STAR Chairs: Dieter Fellner (D), Roberto Scopigno (I)
Day: Wednesday, Sep 4 Time: 10:30-12:00 Room: CS H2
S1: Global Illumination for Interactive Applications and High Quality Animations
Using global illumination algorithms significantly improves the realism of synthetic images. Unfortunately, a vast majority of the existing algorithms were designed for rendering static scenes: when used for dynamic scenes, all computations have to be repeated from scratch even when only minor changes are performed. Clearly, to be of practical use, modern global illumination algorithms have to address explicitly the problem of global illumination computation for changing environments, by taking into account temporal coherence.
In recent years, several new algorithmic solutions have been proposed.
Most of them aim at either shortening production time for high quality
movie sequences, or at providing a fast feedback to the user in interactive
scenarios, in order to improve the usability of lighting simulations. Both
the hardware and algorithms at hand are now mature enough to consider feasible
lighting simulations for animated environments. This state of the art report
is therefore intended to provide a much needed classification and comparison
of the most up-to-date global illumination techniques for animated scenes.
Day: Wednesday, Sep 4 Time: 16:00-17:30 Room: CS H1
S2: Interactive High-Quality Volume Rendering with Flexible Consumer Graphics Hardware
Recently, the classic rendering pipeline in 3D graphics hardware has become flexible by means of introducing programmable geometry engines and rasterization units. This development is mainly driven by the mass market of computer games and entertainment software, whose demand for new special effects and more realistic scenes induced a reconsideration of the static rendering pipeline. Besides the impact on scene complexity in computer games, these advances in flexibility provide an enormous potential for new volume rendering algorithms and allow yet unseen quality in texture-based volume rendering approaches as well as improved performance.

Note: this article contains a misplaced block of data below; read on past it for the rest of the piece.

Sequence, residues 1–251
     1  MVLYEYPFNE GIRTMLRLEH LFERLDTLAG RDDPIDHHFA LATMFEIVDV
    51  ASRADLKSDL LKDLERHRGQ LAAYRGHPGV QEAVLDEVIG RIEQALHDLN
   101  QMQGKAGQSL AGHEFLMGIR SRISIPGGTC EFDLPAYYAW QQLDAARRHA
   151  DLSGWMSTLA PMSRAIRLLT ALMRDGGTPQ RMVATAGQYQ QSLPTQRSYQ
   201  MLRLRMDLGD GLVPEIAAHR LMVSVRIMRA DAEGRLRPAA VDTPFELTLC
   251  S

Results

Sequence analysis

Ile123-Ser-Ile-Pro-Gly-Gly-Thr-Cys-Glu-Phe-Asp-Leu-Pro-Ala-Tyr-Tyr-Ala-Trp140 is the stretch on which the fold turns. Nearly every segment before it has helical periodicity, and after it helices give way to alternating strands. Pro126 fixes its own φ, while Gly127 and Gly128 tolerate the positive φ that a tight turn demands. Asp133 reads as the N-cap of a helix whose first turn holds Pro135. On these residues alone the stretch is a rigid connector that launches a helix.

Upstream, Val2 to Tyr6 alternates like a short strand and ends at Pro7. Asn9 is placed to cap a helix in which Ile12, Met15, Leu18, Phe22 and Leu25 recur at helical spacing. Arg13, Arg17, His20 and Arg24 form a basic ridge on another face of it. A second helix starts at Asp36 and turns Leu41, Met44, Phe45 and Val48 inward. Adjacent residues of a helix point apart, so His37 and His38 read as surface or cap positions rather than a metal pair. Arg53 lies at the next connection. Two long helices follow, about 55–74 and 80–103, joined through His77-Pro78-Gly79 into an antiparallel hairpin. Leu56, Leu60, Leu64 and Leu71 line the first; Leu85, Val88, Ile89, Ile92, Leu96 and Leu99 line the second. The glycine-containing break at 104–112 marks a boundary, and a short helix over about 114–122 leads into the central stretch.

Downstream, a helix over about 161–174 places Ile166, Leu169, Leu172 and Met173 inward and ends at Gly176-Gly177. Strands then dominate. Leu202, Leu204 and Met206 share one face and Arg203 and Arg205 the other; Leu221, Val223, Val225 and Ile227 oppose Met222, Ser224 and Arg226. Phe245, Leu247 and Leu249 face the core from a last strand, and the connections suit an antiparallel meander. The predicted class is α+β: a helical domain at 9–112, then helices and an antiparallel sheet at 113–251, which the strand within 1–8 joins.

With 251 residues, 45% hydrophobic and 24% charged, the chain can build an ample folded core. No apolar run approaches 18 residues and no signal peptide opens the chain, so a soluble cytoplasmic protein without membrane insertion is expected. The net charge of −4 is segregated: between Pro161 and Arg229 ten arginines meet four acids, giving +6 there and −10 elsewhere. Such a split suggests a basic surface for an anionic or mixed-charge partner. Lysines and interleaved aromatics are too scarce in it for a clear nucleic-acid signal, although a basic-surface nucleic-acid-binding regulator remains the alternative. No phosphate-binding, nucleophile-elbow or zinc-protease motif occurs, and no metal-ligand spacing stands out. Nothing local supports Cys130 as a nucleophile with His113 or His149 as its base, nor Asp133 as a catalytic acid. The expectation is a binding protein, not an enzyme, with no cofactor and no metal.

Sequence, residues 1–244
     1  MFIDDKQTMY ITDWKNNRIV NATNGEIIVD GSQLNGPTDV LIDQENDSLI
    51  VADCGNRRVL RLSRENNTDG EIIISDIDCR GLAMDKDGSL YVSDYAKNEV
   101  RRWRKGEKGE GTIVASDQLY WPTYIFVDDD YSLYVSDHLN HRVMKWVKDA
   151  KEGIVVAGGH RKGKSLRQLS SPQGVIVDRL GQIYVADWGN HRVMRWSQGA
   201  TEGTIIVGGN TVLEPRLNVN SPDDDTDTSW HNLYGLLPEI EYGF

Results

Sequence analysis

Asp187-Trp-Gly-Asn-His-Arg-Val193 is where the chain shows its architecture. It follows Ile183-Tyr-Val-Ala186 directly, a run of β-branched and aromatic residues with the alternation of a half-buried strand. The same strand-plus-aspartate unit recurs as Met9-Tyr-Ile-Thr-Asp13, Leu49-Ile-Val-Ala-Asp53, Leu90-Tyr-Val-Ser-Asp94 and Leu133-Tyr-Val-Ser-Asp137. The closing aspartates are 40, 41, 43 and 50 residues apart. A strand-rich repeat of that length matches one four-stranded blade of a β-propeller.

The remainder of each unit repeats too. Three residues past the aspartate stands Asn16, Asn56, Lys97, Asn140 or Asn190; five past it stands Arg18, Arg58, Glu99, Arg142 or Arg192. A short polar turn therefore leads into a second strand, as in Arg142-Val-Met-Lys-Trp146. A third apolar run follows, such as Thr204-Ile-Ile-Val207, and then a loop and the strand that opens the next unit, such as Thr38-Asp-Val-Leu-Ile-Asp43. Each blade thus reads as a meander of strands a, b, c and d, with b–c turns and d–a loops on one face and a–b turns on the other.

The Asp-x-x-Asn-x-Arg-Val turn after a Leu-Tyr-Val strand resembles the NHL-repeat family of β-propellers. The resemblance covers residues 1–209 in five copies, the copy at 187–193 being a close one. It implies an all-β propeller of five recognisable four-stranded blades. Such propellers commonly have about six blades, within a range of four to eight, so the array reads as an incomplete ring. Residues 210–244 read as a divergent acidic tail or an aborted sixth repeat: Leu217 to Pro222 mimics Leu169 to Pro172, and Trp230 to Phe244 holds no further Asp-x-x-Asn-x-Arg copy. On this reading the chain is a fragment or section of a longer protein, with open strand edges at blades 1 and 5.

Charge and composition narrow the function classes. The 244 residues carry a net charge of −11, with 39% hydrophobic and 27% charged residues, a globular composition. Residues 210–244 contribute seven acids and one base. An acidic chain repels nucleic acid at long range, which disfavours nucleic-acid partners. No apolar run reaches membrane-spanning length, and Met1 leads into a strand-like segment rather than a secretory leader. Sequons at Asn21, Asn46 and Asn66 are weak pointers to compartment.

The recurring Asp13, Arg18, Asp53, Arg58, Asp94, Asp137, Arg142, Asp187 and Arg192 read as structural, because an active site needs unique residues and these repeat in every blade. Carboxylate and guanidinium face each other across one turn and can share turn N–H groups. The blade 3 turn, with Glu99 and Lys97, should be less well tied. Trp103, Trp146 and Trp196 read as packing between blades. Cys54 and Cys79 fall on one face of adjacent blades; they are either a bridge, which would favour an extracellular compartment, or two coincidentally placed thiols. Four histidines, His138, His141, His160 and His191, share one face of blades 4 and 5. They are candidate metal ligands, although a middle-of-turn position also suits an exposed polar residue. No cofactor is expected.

This STAR report covers the latest, advanced algorithms for volume rendering that employ new features and extensions of consumer graphics hardware to achieve both, high quality and interactive frame rates. Beginning with basic texture- based approaches, the algorithms are improved and expanded incrementally, covering pre- and post-classification, illumination, non- polygonal isosurfaces, multi-dimensional transfer functions, pre-integration and volumetric effects.
Especially techniques like pre-integration and multi-dimensional or
high-frequency transfer functions allow new insights into scientific volume
data by allowing enhanced quality and by visualizing hidden features contained
within the the data. Additionally, due to reduced rasterization requirements
and thereby increased performance, better interactivity in scientific volume
visualization and new realistic volumetric effects in entertainment applications
Day: Thursday, Sep 5 Time: 10:30-12:00 Room: CS H1
S3: Visual Data Mining
Visual Data Mining is a novel approach to data mining. It denotes the
combination of traditional data mining techniques and information visualization
methods. The utilization of both the automatic analysis methods and human
perception and understanding promises more efficient data mining techniques.
In this STAR report we provide a systematic overview on the field of Visual
Data Mining. We introduce the common terminology and present an appropriate